Within the years since, defendants have routinely cited issues about degrading jail situations of their arguments in opposition to extradition. However when the courts sided with them, it was normally over different points — such because the inherent cruelty of life with out parole, or issues in regards to the adequacy of psychological therapy for suicidal prisoners.
Usually, in accordance with Scottish lawyer and extradition skilled Niall McCluskey, unhealthy jail situations alone — with out some extra extenuating circumstance — are usually not sufficient to keep away from an extradition.
“It’s fairly uncommon for this to occur with a Western nation,” he stated. “And it’s fairly uncommon for non-Western international locations as nicely.”
One essential exception was a case involving Russia. In 2012, the European Court docket deemed the nation’s prisons so inhumane they violated worldwide human rights conventions — partly as a result of the cells have been too small. That call, in Ananyev v. Russia, established a normal for cell dimension: 3 sq. meters of free house per particular person, or about 32 sq. ft.
Final 12 months, that grew to become an element within the Magee case.
Magee was arrested in Texas in 2016, after he admitted to taking pictures a safety guard within the foot at an off-campus College of Texas frat get together. He may have confronted as much as 99 years in jail for aggravated assault — however after he was launched on bail, he fled to Scotland. When authorities arrested him there as a fugitive in 2019, he started a two-year struggle to keep away from extradition.
After listening to expert testimony about Texas jail situations, in June 2021 an Edinburgh choose, Nigel Ross, raised issues about persistent understaffing, compelled unpaid labor, overreliance on solitary confinement, insufficient meals, sweltering temperatures and an absence of impartial oversight.
Scottish prosecutors declined to remark, and a consultant for Ross declined to remark. Paul Dunne, the Edinburgh-based lawyer representing Magee, stated that lots of the situations and procedures within the American authorized system appeared merciless by European requirements.
“Each different nation within the developed world and even some dictatorships enable worldwide inspectors into their jail techniques to watch them for situations,” Dunne stated. “That could be a fully alien idea in America.”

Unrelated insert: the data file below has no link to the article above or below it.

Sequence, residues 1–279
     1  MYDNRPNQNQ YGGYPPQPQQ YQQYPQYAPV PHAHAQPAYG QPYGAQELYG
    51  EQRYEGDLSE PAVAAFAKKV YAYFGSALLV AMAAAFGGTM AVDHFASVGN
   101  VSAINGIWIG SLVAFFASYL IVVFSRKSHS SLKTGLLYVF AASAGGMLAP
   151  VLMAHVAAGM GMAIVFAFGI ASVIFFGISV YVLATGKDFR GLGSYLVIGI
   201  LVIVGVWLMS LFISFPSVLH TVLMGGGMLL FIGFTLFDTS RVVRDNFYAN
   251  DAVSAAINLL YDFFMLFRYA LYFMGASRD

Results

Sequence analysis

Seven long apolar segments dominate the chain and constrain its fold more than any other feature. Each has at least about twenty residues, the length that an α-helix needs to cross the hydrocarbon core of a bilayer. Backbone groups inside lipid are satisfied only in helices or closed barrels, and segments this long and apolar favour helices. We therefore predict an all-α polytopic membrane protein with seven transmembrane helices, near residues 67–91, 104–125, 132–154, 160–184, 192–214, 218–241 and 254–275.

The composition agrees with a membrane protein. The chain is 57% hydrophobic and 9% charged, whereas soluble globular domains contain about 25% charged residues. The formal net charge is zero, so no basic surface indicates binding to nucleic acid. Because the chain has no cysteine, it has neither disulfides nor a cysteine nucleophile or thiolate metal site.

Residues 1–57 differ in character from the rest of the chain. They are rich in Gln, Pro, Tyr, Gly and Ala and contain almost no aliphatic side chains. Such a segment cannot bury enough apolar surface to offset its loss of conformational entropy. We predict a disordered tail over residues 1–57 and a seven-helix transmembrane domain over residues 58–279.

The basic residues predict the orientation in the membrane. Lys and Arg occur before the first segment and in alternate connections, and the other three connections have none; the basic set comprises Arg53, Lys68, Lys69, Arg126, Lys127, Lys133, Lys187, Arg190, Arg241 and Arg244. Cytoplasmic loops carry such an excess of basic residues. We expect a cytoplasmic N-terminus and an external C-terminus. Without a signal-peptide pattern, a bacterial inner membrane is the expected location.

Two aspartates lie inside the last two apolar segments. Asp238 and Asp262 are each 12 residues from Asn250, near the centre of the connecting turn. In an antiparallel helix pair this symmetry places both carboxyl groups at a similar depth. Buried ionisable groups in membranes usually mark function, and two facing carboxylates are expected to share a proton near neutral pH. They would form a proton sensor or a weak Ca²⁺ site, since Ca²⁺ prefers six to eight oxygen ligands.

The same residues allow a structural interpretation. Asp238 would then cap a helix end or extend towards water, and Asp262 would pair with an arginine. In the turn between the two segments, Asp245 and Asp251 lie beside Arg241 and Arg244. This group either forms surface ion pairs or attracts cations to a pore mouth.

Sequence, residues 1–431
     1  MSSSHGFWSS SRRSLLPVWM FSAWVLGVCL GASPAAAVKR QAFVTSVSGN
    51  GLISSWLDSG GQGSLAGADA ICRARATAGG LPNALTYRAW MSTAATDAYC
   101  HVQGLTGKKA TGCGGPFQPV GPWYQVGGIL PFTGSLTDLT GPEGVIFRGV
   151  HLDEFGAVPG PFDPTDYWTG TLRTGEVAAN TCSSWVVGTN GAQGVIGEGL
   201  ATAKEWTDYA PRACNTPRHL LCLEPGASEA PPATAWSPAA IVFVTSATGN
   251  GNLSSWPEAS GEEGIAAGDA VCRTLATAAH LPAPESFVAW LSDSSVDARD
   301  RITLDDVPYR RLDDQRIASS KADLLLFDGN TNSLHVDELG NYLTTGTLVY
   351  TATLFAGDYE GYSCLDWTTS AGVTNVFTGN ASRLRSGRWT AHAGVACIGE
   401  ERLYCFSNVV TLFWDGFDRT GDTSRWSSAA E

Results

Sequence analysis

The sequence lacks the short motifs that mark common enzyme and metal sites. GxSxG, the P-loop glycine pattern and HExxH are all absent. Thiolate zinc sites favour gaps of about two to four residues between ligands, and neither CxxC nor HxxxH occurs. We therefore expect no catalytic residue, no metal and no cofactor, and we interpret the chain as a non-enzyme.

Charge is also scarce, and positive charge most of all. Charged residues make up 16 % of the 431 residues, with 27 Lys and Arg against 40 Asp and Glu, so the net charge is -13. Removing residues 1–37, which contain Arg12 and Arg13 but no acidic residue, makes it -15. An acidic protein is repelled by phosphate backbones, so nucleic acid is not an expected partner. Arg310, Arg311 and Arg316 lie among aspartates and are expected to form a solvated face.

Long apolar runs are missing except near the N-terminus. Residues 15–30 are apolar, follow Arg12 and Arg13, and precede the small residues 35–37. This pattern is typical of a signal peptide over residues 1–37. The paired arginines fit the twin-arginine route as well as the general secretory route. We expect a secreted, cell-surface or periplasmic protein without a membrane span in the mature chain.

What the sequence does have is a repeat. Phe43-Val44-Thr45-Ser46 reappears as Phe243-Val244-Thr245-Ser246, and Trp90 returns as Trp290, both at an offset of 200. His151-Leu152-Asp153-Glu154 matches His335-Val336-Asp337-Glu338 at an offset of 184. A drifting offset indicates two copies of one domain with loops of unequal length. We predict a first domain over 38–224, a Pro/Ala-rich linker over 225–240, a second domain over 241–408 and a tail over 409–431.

Dunne added that some Texas jail cells supply as little as 1.86 square meters of free house per particular person (about 20 sq. ft) — nicely beneath the usual set within the Ananyev case.In response to questions from the Edinburgh court docket, Texas prisons officers despatched three detailed letters explaining jail procedures and asserting that the company works to forestall degrading therapy. However the state didn’t supply any assurances about how Magee could be handled and whether or not he’d be housed in a large enough cell — so the Scottish court docket refused to extradite him.
A Texas jail spokesman defined that the company “couldn’t assure particular mattress placement” as a result of the method for assigning prisoners to a unit is “depending on quite a few elements equivalent to safety degree, medical wants, and house availability.”
In late fall, Ross dominated in Magee’s favor, and he was freed.
“This case needs to be a wake-up name for officers — not simply in Texas however all around the U.S. — to appreciate that many routine situations of confinement in our nation’s prisons don’t measure as much as worldwide human rights requirements,” stated Michele Deitch, a College of Texas at Austin senior lecturer who served as an skilled witness within the case. “A few of these situations are actually out of step with what are thought of acceptable practices in different Western nations.”